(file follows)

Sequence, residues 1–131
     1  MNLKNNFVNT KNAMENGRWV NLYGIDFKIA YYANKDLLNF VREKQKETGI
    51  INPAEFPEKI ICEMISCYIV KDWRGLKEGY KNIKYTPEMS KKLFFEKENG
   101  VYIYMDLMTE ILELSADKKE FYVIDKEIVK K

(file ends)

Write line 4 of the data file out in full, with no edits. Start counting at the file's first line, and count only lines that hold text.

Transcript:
   101  VYIYMDLMTE ILELSADKKE FYVIDKEIVK K